3 Ways to Avoid Estate Taxes in Massachusetts

Everyone focuses on saving and maintaining wealth while we they are living, but often forget to plan the same for their beneficiaries. What a shame it would be for your beneficiaries to receive less financial support simply because you failed to plan properly. There are proven ways to avoid estate taxes in Massachusetts. Below is a quick overview of each.

Gifts Made Annually

If you would like to reduce your assets gradually over time, you can gift them to family members. The IRS recognizes that people may try to gift funds to avoid paying estate taxes, so they set an annual limit on the amount that can be gifted tax-free. This is why your gifting strategy must take place over time.

Individuals may gift funds up to $14,000 per person, per year without taxes. A husband and wife may gift separately to the same person, so a couple can gift $28,000 combined. Let’s run through a scenario. Assume a couple has 3 married children. Gifts can be made to each child and his/her spouse. In one year, that can total $168,000. If there are any grandchildren, the same can be done for them, further extending the amount of funds that can be gifted.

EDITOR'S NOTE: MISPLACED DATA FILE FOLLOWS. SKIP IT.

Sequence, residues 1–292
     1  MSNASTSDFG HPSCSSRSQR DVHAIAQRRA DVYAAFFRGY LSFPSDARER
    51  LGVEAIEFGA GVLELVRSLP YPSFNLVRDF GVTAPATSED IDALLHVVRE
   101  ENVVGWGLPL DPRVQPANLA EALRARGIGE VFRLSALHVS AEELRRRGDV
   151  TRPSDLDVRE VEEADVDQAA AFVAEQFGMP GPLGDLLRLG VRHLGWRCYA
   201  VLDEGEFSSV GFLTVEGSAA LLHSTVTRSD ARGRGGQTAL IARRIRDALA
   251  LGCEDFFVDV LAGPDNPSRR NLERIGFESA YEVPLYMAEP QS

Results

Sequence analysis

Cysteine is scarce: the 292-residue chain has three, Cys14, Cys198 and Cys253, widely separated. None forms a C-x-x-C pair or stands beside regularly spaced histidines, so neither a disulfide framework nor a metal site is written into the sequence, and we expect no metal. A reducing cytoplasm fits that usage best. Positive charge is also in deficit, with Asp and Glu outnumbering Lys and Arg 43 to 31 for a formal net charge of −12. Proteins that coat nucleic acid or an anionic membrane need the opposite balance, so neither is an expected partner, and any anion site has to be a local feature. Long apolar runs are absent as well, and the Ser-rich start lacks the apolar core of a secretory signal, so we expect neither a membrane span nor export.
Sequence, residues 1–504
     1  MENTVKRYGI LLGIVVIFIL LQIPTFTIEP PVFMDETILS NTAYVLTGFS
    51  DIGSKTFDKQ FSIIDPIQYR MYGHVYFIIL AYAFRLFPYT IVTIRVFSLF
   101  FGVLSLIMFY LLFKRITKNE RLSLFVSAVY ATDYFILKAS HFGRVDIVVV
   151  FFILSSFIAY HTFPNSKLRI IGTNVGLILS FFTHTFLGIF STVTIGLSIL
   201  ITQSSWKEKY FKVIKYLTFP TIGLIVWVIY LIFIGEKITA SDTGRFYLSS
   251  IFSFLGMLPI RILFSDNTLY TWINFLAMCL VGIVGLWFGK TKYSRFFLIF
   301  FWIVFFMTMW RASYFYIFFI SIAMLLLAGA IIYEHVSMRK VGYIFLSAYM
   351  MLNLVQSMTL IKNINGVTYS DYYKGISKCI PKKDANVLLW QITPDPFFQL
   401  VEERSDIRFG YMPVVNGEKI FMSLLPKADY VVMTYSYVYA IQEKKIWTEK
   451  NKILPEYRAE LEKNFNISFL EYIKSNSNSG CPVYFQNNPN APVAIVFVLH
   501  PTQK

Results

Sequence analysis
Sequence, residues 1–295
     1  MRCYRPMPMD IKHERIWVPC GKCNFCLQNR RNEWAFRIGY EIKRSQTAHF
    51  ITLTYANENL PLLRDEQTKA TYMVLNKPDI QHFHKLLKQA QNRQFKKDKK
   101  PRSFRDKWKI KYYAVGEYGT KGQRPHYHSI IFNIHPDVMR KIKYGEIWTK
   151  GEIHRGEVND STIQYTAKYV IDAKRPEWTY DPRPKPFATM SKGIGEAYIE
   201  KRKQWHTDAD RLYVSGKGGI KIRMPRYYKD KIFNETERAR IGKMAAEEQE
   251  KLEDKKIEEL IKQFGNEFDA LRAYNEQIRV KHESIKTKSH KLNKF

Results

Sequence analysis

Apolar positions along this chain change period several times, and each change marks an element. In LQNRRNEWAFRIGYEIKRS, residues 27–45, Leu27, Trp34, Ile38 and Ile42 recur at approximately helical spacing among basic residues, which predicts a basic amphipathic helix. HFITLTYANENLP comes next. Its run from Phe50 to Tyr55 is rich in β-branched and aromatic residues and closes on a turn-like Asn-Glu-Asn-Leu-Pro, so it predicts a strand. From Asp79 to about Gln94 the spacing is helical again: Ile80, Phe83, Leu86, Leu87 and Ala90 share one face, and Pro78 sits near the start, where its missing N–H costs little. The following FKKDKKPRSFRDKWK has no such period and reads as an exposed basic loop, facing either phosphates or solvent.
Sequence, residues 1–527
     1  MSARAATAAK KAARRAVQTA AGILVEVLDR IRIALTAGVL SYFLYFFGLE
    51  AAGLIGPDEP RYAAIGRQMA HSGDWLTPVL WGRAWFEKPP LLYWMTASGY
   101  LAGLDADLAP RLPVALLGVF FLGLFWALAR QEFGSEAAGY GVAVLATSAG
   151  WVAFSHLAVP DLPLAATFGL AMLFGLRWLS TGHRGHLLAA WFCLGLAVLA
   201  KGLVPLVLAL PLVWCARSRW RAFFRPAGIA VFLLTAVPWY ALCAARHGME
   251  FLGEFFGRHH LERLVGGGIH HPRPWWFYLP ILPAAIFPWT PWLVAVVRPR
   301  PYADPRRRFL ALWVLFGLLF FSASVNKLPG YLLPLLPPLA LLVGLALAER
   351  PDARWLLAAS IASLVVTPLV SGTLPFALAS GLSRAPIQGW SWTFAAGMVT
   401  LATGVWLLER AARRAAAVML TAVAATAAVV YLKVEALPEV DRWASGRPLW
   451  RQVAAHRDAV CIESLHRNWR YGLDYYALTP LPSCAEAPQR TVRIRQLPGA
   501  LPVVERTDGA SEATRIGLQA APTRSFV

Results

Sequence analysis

By making gifts to family members over time, the value of your estate will be reduced. If remaining assets fall under the one million dollar threshold, then you avoid estate taxes in Massachusetts.

Charitable Donations

Charitable donations have no annual limit. They can reduce the value of your estate and be used as a taxable deduction. Most individuals with family would option to pass on their estate to their family rather than donation everything to charity, but it’s still important to mention charitable donations as a way to avoid estate taxes in Massachusetts.


The best way to protect your assets is to create trusts. Depending on the total value of your estate and whether you are married, you and your spouse can create one or multiple types of trusts. Each may individually fall below the million dollar threshold, allowing you to avoid estate taxes in Massachusetts. Should one spouse die, trust funds can still benefit the surviving spouse without causing his/her own estate to exceed the threshold (if structured properly).

There are too many types of trusts to cover them in detail here. However, we will cover those in additional blog posts. What is important to know is that trusts are a great option to consider. Selecting the right trust or combination of trusts truly depends on your unique circumstances. To understand what options might work best for you, schedule a consultation with our Massachusetts estate planning attorneys.